- 152,265 of the persons reported missing in 2000 were categorized as either endangered or involuntary.
- The number of missing persons reported to law enforcement has increased from 154, 341 in 1982 to 876,213 in 2000. That is an increase of 468%.
According to the United States Department of Justice (DOJ), Office of Juvenile Justice Delinquency Prevention (OJJDP) Juvenile Justice Bulletin, June 2000
- Kidnapping makes up less than 2 percent of all violent crimes against juveniles reported to police.
- Based on the identity of the perpetrator, there are three distinct types of kidnapping: kidnapping by a relative of the victim or "family kidnapping" (49%); kidnapping by an acquaintance of the victim or "acquaintance kidnapping (27%); and kidnapping by a stranger to the victim or "stranger kidnapping (24%).
- Family kidnapping is committed primarily by parents, involves a larger percentage of female perpetrators (43%) than other types of kidnapping offenses, occurs more frequently to children under 6, equally victimizes juveniles of both sexes, and most often originates in the home.
- Acquaintance kidnapping has features that suggest it should not be lumped with stranger kidnapping into the single category of non-family kidnapping, as has been done in the past.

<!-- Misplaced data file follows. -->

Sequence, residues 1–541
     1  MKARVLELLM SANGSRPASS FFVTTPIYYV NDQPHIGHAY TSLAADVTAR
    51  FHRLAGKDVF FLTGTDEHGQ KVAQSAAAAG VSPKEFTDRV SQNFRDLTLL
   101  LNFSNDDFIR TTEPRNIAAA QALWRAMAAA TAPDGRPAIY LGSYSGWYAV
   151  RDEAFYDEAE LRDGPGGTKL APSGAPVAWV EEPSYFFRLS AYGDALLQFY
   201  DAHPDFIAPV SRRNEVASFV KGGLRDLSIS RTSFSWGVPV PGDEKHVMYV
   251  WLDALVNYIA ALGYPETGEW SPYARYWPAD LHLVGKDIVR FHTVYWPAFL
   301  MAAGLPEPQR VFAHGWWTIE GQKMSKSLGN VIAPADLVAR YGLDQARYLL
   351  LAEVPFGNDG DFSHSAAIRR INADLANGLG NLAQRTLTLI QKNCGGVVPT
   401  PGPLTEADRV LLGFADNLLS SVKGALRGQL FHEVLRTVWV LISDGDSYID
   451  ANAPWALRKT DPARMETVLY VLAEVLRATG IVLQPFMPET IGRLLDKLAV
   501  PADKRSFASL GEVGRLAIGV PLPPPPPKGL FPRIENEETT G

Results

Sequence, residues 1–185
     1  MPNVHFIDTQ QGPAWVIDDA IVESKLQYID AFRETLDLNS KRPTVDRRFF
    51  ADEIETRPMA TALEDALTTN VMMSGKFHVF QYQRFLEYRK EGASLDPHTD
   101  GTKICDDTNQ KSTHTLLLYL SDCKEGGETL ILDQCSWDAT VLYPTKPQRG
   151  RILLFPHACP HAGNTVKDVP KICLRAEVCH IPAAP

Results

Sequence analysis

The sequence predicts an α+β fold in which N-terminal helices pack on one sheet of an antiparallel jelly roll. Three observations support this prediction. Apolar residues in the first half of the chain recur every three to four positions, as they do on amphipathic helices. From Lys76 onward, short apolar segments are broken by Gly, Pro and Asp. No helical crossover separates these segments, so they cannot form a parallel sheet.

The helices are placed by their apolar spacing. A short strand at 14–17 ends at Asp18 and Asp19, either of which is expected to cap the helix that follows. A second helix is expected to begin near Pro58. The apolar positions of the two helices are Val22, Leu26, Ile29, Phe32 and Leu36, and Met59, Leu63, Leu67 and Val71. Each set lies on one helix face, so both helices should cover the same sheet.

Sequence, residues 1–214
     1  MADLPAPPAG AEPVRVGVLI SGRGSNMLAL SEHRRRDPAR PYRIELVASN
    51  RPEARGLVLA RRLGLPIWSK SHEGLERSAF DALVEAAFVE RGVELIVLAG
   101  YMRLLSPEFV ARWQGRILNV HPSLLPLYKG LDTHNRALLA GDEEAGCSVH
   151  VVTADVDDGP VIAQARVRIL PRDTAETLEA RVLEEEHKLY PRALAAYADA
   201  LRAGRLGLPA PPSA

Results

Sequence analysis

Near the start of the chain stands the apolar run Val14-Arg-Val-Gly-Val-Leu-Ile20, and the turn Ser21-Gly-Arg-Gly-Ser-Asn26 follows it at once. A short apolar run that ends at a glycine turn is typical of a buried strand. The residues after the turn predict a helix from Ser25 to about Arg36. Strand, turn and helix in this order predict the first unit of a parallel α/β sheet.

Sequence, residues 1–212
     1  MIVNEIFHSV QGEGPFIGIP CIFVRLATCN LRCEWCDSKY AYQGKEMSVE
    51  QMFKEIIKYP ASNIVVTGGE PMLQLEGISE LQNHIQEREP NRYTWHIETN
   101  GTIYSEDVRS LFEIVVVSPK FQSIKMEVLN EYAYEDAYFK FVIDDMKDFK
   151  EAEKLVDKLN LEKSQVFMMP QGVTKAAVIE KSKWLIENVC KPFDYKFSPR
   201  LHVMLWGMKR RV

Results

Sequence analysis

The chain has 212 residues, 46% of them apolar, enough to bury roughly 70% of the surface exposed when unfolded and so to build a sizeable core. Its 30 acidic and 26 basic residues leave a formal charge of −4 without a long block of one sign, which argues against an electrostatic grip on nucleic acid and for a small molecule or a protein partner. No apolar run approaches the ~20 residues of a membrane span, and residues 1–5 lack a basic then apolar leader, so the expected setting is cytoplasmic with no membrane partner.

- Acquaintance kidnapping involves a comparatively high percentage of juvenile perpetrators, has the largest percentage of female and teenage victims, is more often associated with other crimes (especially sexual and physical assault), occurs at homes and residences, and has the highest percentage of injured victims.
- Stranger kidnapping victimizes more females than males, occurs primarily at outdoor locations, victimizes both teenagers and school-age children, is associated with sexual assaults in the case of girl victims and robberies in the case of boy victims (although not exclusively so), and is the type of kidnapping most likely to involve the use of a firearm.
According to the National Incidence Studies of Missing, Abducted, Runaway, and Throwaway Children study prepared for the USDOJ in 1990, based on data from 1998:
- Approximately 354,100 children are victims of family abduction every year.
- There are approximately 114,600 attempted stranger abductions every year and 3,200-4,600 attempts are successful.
- In 1997, 93% of Sheriff's departments in the United States had computers in the workplace.
- Nearly all local police departments serving a population of 2,500 or more used one or more types of computers during 1997. During that same time about two-thirds of those serving fewer than 2,500 residents used them.
- The percentage of all local police officers employed by a department that used computers increased from 95% in 1993 to 98% in 1997. The type of computer most commonly used in local police facilities in 1997 was the personal computer.
- In 1998, California had 524 local police and sheriff's agencies: 344 local Police Agencies; 58 Sheriff's Agencies; 121 Special Enforcement Agencies.
- There are 482 Sheriff's offices in California and 6,715 Sheriff's offices in the United States.
- There are 19,494 Police Departments in the United States.